ad collaborative post // Whether you’re earning a bit through a side hustle or running a full time business, you should be registered with HMRC and declare your earnings. This is regardless of how much you’re earning. If you’re below the tax threshold you won’t pay any tax anyway, so you might as well get registered and stay legal.
Aside from that, the other business tasks to take care of include monitoring your income and expenses and keeping your records straight.
Don’t worry. It’s not hard.
Register with HMRC
Registering with HMRC for Self Assessment is quick and easy online. On their website, you can create a Government Gateway account which gives you access to all of HMRC online tools via the Self Assessment portal. Your Gateway details are posted via traditional mail, and once received you have 90 days to login for the first time.
You’ll have to supply some basic details, such as the type of work you’re doing and your contact information. You can also choose a business name if you want, but many sole traders just use their own names.
When you need to keep business records
As soon as you start earning money other than wages from an employer, you need to keep some business records. This doesn’t necessarily mean complex software or extensive spreadsheets. The records just have to include what you earn, what you spend, when everything happened, and any supporting evidence such as receipts and invoices.
What you need to record
It’s easy to set up your own simple bookkeeping system that will let you track everything you need for your tax return and personal records. You can use a notebook, an excel spreadsheet or sign up for an online accounting subscription. Each will work in a similar way, letting you record and track income and expense.
Here are the basics of a very simple accounting system. You’ll make one column each for:
- Date – the day the transaction happened, either money coming in or going out.
- Goods – what you bought or sold.
- Cost – amount you spent.
- Income – what you earned.
- Balance – money in your account after you’ve added or subtracted the amount in the ‘cost’ or ‘income’ columns. When you start a new month with fresh columns, take the balance figure of the old month and enter it at the top of the balance column on the new month to start you off.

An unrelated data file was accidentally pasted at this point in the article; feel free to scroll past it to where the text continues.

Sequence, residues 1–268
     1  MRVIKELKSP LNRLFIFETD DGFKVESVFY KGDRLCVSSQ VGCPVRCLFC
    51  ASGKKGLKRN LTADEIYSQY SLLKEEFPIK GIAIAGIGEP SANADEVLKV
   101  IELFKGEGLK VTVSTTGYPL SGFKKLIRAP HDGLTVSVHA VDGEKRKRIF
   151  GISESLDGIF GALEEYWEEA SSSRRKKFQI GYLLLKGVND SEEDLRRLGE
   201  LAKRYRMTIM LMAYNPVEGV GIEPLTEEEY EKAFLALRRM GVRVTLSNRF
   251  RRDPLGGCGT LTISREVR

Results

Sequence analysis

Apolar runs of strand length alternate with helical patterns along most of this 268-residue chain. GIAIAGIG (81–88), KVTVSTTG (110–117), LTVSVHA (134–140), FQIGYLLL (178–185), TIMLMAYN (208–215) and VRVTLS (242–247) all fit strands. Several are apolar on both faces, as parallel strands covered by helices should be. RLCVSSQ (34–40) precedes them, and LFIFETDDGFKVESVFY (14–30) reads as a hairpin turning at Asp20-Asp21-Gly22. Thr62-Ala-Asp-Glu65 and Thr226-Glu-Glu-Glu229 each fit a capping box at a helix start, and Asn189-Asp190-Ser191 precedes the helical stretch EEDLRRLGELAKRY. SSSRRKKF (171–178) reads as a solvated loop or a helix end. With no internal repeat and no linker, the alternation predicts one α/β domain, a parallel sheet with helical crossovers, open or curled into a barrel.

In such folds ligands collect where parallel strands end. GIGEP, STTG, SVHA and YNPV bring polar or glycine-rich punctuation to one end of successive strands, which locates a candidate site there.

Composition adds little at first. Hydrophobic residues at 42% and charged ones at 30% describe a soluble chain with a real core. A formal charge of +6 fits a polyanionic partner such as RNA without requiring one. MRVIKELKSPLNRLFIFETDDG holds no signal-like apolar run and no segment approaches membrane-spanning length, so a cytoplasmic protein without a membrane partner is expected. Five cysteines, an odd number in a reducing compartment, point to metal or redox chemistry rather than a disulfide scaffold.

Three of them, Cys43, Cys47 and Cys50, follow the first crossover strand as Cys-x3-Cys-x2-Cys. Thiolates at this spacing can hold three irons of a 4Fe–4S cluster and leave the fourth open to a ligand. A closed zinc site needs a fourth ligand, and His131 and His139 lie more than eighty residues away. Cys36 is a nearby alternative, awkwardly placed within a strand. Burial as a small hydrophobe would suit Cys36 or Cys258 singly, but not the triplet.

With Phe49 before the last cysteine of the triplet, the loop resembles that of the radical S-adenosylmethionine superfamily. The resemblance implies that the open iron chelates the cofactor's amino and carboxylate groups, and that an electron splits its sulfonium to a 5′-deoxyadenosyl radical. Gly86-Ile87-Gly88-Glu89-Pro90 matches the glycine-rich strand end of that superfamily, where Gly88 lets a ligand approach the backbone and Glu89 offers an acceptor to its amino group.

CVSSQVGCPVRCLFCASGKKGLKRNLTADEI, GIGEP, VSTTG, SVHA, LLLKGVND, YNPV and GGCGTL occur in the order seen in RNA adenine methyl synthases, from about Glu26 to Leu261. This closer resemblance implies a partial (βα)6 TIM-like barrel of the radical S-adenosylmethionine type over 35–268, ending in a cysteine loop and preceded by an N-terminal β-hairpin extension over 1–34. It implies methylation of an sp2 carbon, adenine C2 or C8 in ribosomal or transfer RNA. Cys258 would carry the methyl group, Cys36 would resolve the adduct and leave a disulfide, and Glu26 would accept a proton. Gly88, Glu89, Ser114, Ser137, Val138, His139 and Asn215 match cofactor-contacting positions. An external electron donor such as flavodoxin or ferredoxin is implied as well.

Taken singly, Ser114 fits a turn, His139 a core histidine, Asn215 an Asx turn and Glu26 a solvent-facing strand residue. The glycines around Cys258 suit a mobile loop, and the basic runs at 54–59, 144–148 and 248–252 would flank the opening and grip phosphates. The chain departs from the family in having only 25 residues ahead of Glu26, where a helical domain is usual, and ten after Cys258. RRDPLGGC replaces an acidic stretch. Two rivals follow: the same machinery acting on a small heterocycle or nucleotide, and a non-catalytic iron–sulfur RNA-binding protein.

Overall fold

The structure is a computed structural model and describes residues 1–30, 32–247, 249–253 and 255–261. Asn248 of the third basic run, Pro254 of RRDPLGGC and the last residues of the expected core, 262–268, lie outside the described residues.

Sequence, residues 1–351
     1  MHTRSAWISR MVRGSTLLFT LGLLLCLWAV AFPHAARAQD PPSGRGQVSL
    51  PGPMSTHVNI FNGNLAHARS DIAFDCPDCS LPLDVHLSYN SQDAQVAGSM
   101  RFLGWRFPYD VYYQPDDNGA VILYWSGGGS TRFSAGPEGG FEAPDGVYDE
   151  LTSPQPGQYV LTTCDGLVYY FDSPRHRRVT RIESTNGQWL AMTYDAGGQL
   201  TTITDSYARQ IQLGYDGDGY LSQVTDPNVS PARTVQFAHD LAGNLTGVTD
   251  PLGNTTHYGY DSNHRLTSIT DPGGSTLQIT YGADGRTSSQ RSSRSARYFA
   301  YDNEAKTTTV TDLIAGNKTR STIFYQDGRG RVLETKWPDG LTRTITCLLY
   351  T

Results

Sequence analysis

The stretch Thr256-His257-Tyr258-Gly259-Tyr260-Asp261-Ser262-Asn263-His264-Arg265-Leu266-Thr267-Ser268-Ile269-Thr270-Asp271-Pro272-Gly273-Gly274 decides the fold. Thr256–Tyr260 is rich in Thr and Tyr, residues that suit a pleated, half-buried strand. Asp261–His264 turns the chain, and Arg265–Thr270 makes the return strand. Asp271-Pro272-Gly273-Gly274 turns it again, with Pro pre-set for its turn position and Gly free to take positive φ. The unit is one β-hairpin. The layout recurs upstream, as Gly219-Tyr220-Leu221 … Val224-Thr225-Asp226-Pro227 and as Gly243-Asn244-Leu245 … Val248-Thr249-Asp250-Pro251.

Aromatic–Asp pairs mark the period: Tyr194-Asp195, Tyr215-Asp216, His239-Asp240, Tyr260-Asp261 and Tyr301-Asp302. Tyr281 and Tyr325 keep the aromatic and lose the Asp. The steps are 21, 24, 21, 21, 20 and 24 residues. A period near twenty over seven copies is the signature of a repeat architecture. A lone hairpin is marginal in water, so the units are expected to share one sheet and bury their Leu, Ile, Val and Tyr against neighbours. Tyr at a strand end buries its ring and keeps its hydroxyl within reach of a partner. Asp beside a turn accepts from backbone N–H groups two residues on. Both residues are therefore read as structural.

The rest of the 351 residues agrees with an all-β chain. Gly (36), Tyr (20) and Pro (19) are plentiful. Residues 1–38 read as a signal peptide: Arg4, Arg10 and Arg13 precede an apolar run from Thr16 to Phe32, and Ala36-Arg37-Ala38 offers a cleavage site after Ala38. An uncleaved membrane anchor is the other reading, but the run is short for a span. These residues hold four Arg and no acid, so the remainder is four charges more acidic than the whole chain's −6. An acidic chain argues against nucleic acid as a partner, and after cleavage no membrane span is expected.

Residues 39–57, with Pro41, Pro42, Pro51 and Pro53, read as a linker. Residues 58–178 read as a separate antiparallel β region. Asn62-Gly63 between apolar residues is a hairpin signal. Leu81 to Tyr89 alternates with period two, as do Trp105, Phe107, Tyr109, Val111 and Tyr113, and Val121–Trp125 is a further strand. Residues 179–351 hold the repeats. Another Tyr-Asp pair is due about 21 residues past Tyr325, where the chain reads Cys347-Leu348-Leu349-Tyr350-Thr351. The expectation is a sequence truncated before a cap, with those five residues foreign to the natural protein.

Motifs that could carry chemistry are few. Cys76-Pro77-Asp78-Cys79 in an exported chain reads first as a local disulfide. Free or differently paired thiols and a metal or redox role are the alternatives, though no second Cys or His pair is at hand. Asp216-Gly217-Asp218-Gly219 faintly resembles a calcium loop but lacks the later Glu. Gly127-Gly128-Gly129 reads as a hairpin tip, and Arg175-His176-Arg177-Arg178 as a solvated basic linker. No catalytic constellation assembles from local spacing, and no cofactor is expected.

It’s best (and easiest) to have a separate bank account for business finances as this keeps all your personal spending private if you get help from an accountant, and also prevents you having to weed out recurring personal or direct debit expenses in order to keep your business balance accurate.
Tax Years and When to File your Tax Return
The tax year runs from 6th April to 5th April the following year, and there are strict deadlines by which you must submit your self-assessment tax return or risk a fine.
The deadline for online submission is 31st of January, and for paper submissions it’s 31st October before the end of the tax year. There are two ways to send in the tax return, either online or via the post with a physical paper version.
You submit records one year in arrears, so at the end of the tax year for 2020, records for the tax year 2018/19 were submitted.
Paper vs Digital Records
While you must keep records of all business activities, it’s not necessary to hang onto reams of paper these days. Receipts, for instance, can often be scanned or photographed and the digital file kept in place of the paper version. It’s a good tip to scan both back and front of paper records since a lot of important information is often printed on the back.
The same goes for invoices you generate online or on your own computer and send via email. As long as you have the digital form of the document safely tucked away, there’s no need to print everything.
While it saves on physical space and manual filing effort to have digital records, you should still pay attention to placing items in relevant folders where you can find them again, and to securely back up your digital systems. Ideally have a couple of backups, maybe one in the cloud and one on an external hard drive.
When you’re self employed you must keep your business records for at least five years.
When you’re earning regularly from self employment you might find you need more complicated bookkeeping, or help in figuring out your tax allowances for capital equipment or expenses.
Accountants can save you money by helping cut your tax bill, and bookkeepers can help you streamline the process as well as taking the daily strain if you find record keeping too time consuming. Here are the main differences between the two professions:
- Personal tax accountants: Extract the information needed for your tax return from your records, then submit the return to HMRC on your behalf, making sure all claims for expenses and allowances are correct. They may also offer business advice if they spot areas where your money could work more efficiently.
- Bookkeepers: Run your books on a daily basis, keeping everything up to date in a system that’s accountant-ready. You can hire full time help, or part time if you prefer.
Both arms of the accountancy profession may work either jointly or independently, and accountants can undertake bookkeeping too.
At first glance, getting legally set up for business and tax feels overwhelming, especially if you need help or advice for VAT. Breaking it down into smaller steps helps. Plus you have the advantage of knowing exactly how your business is doing, and will find it easier to apply for loans when you need them.